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Why Mexico Is More Attractive For Producing Passenger Cars Than Detroit
Detroit automakers are comfortable producing high-selling SUVs in North America but not small passenger cars


Within the next four to five years, there will hardly be any passenger car produced in Detroit. This is what has been agreed by United Auto Workers , Ford Motor Company and Fiat Chrysler Automobiles NVin recent negotiations. The only company to make small cars in Detroit by 2019 will be General Motors Company .

This shift in mass-market production comes as automakers try their best to avoid wage hikes that have compelled them to shift their passenger car production to Mexico. In return, Ford and Fiat Chrysler have agreed with the UAW to abolish a two-tier pay scheme that will support additional jobs for autoworkers. However, the auto companies will continue to manufacture large trucks and sport utility vehicles (SUVs) that are in high demand, thanks to low gasoline prices.

With Detroit automakers clutching at every opportunity to save their dropping margins, the production of SUVs in North America will keep profits per vehicle high, while small cars will be manufactured cheaply in the South. Even last month’s auto sales reached their year-high level boosted by high sales incentives and high auto leasing, rather than organic growth.

According to Autodata, US auto sales in October exceeded 18 million, but spending at auto dealers declined, according to last week’s report by the Commerce Department. This means automakers are keen to boost sales even at low margins, which will further hurt if small car production continues at home.

Last year, the average labor rates in Mexico were $5.50 an hour, nearly one-fifth of US auto workers' rates, as reported by Reuters, citing the Center for Automotive Research (CAR). Over the same concerns, General Motors decided to move its Buick brand production from the US to China. The largest North American automaker also has plans to lay off workers at its Orion plant and eventually reduce the local production of the Buick Verano.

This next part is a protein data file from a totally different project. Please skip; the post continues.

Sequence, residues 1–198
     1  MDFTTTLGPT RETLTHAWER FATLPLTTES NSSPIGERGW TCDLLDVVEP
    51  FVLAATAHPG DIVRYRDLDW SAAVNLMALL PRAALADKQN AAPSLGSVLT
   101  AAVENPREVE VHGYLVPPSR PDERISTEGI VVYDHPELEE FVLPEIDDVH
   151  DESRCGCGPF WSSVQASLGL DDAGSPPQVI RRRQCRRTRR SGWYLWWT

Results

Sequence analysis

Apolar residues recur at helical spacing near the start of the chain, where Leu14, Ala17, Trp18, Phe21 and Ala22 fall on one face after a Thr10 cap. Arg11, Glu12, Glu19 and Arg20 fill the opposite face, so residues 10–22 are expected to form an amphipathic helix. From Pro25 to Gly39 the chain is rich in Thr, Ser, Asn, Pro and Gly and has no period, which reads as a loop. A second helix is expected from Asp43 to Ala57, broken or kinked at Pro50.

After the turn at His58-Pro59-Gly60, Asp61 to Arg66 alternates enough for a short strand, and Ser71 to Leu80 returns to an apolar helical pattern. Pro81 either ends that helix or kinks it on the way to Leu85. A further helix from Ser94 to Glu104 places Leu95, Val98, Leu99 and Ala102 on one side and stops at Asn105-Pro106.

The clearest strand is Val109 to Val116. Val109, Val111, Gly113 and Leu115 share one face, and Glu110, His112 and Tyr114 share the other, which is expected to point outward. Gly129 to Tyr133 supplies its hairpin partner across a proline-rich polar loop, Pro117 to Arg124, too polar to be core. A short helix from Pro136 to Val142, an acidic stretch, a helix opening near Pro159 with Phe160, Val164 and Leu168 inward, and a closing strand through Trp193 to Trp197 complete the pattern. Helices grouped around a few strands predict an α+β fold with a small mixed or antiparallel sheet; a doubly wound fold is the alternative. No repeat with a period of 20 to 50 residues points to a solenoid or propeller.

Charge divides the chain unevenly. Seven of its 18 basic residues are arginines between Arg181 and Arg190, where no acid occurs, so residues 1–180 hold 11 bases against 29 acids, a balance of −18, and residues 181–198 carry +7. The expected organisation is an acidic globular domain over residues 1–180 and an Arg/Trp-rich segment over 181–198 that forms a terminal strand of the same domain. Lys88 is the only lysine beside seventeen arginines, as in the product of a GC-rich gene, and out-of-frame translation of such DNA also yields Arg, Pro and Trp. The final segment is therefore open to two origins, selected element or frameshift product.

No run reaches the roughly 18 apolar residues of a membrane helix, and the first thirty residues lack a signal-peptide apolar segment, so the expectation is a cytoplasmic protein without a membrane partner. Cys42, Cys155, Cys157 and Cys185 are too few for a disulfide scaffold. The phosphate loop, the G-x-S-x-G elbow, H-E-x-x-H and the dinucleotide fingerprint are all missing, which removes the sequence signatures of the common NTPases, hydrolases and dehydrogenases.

On the other hand, the Blue Oval is planning to shutter production of four passenger car brands, namely Focus, Fusion, C-Max and Taurus. According to Automotive News, the automaker is moving out production of the Focus and C-Max from the Michigan Assembly Plant to make space for its Bronco SUV and Ranger pickup truck. The move is expected to be completed by 2018.

Similarly, Fiat Chrysler is planning to produce the Chrysler 200 and Dodge Dart in Mexico after 2016 and halt the production of Dodge Viper in 2017. In an interview to Automotive News, Sergio Marchionne, CEO of Fiat Chrysler said that it was better to move production of “all the cars that we get killed to somewhere else,” and continue truck production at UAW plants.

As the demand for large trucks and SUVs is high in the US, the production of these vehicles will continue to be favorable in North America. But that will last as long as gasoline prices are low. On the other hand, a strong reaction over job migration to Mexico can come from the government, as the Obama administration depends on GM and Fiat Chrysler to recover from the financial crisis and boost local auto jobs. Republican presidential candidate Donald Trump is already known for being a strong critic of automakers shifting jobs to Mexico.

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